The long-haul truckers of editing: Magazine versus manuscript editors

Going from magazine editing to manuscript editing is like switching from the life of a commuter to the life of a long-haul trucker. Sure, commuting raises your blood pressure and sometimes you want to drive off an interstate river bridge, but after about two hours most people reach their destination without choosing to swim with the fishes. For manuscript writers, agents, and editors, everyday’s a lesson in patience and perseverance. They know that with time and effort, they will reach their final destination, but first there’s a lot of work involved to drive it to completion.

Magazines are by nature publications with quick turnarounds. They are stocked with a lot of short articles – some no longer than paragraph-long blurbs — and usually written by a multitude of authors. Magazine features are in the 1,000 to 3,000-word range — about the length of a chapter — so the writing arc and editing time is truncated. The line and copy editing and fact checking is a 3-pass job more often than not. (I’m talking small press and trade pubs. I don’t pretend to know about the big boys. My career took a “I just had twins” 8-year happy hiatus and I never made my way to one.)

Manuscripts, on the other hand, are innately personal and encompass many thousands of words. For instance, my sci-fi fantasy should shake out somewhere under 100,000 when I’m done editing down. These word counts are not only based on reader preference (middle grade less, adults more) and necessity (fantasy and sci-fi are often longer for sufficient world building) but eventual printing costs. (For a good guide to manuscript word count by genre, visit Writer’s Digest:

Now, imagine trying to shorten a magazine article to fit a column so there’s room for a big photo or some fun headline art. You cut a sentence or two, or tighten phrasing easily without losing meaning. Now, take a debut sci-fi fantasy novelist like (ahem) me, for instance, who needs to cut 11,000 words just so an agent doesn’t toss it immediately because the printing costs on a work that long are just too risky for a first-timer. Cutting this without losing meaning requires hours of work. Days of work. Metaphorically speaking: Cruise control, missed turns, detours, tolls, sleep deprivation, pit stops and murder. After all, you’re supposed to kill your darlings. But don’t focus on that now. There’s snacking too — lots of it. A box of those pink coconut covered Twinkie things and Coke Zero. A lot of people say chocolate. Whatever you need to get you there.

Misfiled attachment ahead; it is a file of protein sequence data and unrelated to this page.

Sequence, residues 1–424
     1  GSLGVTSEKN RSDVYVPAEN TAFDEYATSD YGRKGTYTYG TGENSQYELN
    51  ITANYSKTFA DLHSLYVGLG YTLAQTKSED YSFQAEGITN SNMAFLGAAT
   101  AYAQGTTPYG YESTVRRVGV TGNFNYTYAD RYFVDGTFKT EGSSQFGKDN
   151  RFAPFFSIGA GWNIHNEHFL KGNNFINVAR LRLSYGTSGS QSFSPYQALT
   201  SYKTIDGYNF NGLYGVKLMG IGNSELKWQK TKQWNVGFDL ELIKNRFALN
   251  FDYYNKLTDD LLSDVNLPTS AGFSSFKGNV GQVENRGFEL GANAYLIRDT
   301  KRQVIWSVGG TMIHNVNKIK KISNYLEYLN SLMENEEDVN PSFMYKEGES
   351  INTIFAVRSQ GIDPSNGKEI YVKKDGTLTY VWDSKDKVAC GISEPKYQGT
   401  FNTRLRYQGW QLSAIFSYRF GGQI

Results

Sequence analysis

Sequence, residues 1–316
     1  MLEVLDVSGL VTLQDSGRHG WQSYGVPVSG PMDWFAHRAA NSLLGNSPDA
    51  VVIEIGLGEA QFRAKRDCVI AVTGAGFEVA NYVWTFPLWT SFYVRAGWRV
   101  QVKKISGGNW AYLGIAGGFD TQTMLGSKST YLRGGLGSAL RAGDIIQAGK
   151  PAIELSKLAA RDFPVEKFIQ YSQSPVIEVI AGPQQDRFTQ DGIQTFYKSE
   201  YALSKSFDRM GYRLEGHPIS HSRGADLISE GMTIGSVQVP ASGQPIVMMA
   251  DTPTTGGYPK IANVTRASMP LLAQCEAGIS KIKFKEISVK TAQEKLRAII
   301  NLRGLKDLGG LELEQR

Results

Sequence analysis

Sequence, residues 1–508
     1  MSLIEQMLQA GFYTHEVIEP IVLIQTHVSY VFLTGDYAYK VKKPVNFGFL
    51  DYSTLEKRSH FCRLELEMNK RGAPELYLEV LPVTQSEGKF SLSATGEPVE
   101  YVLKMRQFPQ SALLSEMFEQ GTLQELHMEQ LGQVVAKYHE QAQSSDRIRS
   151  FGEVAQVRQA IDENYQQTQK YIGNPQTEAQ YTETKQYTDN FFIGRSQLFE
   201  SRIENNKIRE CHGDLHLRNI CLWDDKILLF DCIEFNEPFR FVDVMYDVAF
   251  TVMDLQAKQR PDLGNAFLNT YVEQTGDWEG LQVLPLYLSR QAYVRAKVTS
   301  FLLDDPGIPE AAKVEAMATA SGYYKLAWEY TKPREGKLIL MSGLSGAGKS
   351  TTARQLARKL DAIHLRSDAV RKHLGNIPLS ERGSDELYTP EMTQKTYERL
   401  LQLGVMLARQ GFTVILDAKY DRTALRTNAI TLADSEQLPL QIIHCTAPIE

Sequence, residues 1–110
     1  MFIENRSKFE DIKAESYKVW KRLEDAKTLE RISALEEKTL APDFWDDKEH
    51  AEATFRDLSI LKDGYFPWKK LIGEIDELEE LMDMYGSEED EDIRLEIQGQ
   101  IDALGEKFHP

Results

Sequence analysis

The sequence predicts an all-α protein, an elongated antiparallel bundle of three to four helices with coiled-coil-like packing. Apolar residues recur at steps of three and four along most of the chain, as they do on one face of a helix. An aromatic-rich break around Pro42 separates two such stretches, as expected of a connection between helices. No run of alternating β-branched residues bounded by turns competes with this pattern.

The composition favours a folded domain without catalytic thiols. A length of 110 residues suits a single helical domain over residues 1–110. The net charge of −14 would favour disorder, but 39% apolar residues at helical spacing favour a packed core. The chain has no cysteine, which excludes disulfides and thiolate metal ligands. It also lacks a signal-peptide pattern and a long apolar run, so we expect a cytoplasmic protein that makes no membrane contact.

But that’s not the half of it. Once you do secure an agent, there will be agent edits. And when you get that book deal, there will be MORE editors. MORE edits. Realistically, your book will not be the same one you sent to agents by the time it’s ink on paper. This isn’t a bad thing. The articles my writers sent me were never the same articles I printed either. It just took me far less time to get them their final copy in hand.

NOTE: “The Word Loss Diet” book has been an immeasurable tool for me. It taught me to use a brevity of words, so that the ones that do end up ink on paper, carry the most weight. Critique partners are great. Contests like #PitchWars open your eyes. Networking with other authors opens doors. 

Now. Break’s over. Get the keys back in the ignition and DRIVE.



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